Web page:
This third installment of our “PAM for Dummies” series addresses one of the most important security issues you’ve never heard of: the connection between privileged access management (PAM) and identity access management (IAM).
Identity is a fundamental element of security. You only want people to see the information they’re allowed to see, right?
It sounds pretty simple. The reality is that it is a very simple topic, but one with rather complicated implications. Who is really who?
If Hollywood is any indicator, even knowing the identity of the person right in front of you isn’t always so easy. If it were, you would never have had great movies like Freaky Friday, Big or Faceoff. You would never have Mark Twain’s The Prince and the Pauper.
Now, imagine that the Pauper tries to log onto your ERP system to download your customer list. He knows he’s not supposed to, so he pretends to be the Prince. Are you sure you will know the difference?
IAM: Staying on Top of Identities for Day-to-Day Access Controls
Security and compliance managers need to define and enforce access policies based on identity. Identity governance is about ensuring that Mr. X can use System A, but not System B. Ms. Y can use Systems A and B, and so forth. It gets harder as organizations evolve into more complex digital enterprises with even employees of partner firms and other contractors often having extensive access rights.
An IAM system keeps track of such user identities. You have undoubtedly used this kind of technology many times, even if you weren’t aware of it. If you’ve ever been asked for a username and password in order to log into a site, you’ve used a simple identity management system.
Things can get complicated pretty fast, though. Big organizations may have dozens or even hundreds of IT assets with different access requirements. IAM systems typically deal with this by tracking people by role, with access privileges determined by role. Thus, a salesperson with a “sales” role might be granted access to sales-related systems, but not others. A salesperson is restricted from signing into the HR system, and so forth.
IAM will govern basic user access to IT resources like applications, databases, storage resources and networks. IAM could also control access to partner resources. To defend these assets against risks, IAM systems do the following:
• Authenticate – Establish that the Prince is the Prince and the Pauper is the Pauper.
• Authorize – Confirm that Prince has permission to access a given resource.
• Provision/Deprovision access – Grant appropriate entitlements and removing these entitlements on a timely basis when necessary.
• Track access rights – Enable audit of usage rights.
PAM: Controlling Access for Privileged Users
While your organization keeps track of users’ identities, you also have to keep an eye on PAM. Privileged users can get at the “back end” of your systems, making changes and setting up accounts. Privileged users are super-important but potentially dangerous. Either by mistake or with malfeasance, they can cause a lot of headaches. Think data breaches and non-compliance. These users are special and need special systems in place to track and control their action.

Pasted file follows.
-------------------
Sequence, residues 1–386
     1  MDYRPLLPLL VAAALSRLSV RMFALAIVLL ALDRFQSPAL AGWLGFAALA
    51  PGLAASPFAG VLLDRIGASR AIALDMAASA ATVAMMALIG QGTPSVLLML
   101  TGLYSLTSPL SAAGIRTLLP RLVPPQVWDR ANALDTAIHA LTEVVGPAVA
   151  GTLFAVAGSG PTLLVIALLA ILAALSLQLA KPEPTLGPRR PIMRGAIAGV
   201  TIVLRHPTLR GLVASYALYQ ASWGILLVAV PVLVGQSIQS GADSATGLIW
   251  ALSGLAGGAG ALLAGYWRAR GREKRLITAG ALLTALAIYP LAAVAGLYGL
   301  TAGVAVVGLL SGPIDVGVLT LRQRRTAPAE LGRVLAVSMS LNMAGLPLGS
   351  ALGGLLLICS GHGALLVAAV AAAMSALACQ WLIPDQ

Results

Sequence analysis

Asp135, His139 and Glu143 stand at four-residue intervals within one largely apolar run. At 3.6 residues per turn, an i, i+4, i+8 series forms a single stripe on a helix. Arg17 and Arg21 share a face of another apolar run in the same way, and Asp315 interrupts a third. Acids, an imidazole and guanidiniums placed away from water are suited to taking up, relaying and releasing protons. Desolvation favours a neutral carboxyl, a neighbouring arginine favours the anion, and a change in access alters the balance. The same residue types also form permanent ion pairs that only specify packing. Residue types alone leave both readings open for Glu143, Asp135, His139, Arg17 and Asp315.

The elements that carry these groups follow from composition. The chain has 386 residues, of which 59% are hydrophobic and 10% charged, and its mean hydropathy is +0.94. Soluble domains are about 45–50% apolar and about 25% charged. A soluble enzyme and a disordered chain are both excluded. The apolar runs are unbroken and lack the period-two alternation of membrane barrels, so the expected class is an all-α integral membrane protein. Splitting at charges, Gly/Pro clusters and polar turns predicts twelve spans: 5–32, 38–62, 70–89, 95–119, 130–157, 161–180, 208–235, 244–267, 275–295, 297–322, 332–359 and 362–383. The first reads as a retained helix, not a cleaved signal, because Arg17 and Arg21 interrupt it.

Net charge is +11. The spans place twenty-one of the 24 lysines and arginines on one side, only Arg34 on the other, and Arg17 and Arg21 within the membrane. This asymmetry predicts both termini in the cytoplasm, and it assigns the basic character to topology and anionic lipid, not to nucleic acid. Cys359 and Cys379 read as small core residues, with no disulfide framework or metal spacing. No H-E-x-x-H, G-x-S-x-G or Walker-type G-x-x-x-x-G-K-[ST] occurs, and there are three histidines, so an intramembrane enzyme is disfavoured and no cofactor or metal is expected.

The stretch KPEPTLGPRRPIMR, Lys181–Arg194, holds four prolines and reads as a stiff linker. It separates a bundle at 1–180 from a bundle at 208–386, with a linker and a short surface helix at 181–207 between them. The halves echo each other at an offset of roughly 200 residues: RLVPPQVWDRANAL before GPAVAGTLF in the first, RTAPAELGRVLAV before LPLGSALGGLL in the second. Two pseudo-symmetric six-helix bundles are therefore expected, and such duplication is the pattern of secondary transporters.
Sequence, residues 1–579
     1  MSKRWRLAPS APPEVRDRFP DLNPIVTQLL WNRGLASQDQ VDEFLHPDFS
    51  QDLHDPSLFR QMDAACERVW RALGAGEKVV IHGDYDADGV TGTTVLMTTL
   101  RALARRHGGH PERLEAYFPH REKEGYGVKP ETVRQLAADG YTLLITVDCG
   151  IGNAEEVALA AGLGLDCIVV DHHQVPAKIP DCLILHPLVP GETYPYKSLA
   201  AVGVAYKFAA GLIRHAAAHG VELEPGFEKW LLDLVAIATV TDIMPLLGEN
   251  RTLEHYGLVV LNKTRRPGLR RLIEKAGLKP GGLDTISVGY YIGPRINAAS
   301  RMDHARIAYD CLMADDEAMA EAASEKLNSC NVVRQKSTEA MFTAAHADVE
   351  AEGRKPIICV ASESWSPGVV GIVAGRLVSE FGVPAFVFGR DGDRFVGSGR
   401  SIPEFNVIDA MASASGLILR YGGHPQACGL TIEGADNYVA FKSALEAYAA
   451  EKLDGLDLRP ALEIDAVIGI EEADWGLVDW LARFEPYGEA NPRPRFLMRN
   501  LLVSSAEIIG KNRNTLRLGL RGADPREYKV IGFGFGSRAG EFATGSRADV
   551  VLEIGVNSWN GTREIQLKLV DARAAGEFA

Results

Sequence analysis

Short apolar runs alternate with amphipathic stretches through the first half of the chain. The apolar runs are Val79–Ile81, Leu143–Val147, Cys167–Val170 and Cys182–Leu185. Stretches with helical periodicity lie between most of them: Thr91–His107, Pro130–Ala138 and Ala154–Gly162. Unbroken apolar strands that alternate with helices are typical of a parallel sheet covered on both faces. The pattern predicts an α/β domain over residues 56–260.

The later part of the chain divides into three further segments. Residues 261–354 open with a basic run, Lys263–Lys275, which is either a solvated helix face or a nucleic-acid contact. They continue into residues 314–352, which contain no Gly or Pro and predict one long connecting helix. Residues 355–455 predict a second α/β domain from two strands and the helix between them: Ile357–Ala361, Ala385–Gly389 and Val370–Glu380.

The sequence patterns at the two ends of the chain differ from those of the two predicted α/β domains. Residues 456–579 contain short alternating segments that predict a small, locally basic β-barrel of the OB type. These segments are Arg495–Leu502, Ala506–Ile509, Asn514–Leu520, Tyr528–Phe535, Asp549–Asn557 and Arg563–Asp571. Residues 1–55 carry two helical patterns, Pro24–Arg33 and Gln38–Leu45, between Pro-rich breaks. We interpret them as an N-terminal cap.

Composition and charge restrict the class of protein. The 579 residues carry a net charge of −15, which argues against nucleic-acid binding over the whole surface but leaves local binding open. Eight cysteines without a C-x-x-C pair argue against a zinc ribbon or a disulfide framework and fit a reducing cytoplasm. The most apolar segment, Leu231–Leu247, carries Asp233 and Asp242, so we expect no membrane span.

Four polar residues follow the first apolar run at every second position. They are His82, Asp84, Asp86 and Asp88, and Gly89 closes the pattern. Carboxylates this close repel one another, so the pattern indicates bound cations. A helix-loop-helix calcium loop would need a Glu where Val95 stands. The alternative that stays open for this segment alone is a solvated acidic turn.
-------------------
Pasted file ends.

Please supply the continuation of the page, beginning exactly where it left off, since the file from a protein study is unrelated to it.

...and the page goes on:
PAM solutions control and monitor access by these special users. They make sure that the Pauper can’t erase the Prince’s email account, help themselves to sensitive IP, or get up to any other hanky-panky without being stopped or caught.
A Joint IAM-PAM Solution
Ideally, IAM and PAM to work together. That way, a request for privileged access can be managed in accordance with established identity governance policies. This means that all access requests and grants – regardless of whether they are for standard or privileged users - are part of a single access control chain.
It’s a lot simpler for everything from provisioning to audits to have PAM and IAM work together. When it comes to IT security simpler = better.
Of course, the world is a complicated place, and predictably IAM and PAM are usually totally separate. That’s why you need to think about a joint or interoperative IAM-PAM solution to centralize your identity governance. Find a PAM solution that works with your IAM vendor. Or vice versa.
Taking This Seriously
The most frightening IT security threats involve manipulation of identity and especially the misappropriation of privileged identities and credentials. IAM solutions offer a way to govern identity, but they generally lack deep functionality for managing privileged account access. Conversely, PAM solutions tend to be standalone entities that are focused primarily on controlling and/or recording the actions of privileged users. A joint IAM-PAM solution can mitigate identity governance risks better than either IAM or PAM on its own.
Learn more about protecting yourself from a data breach by visiting www.wallix.com or by requesting a demo of our award-winning IAM product of the year and PAM solution: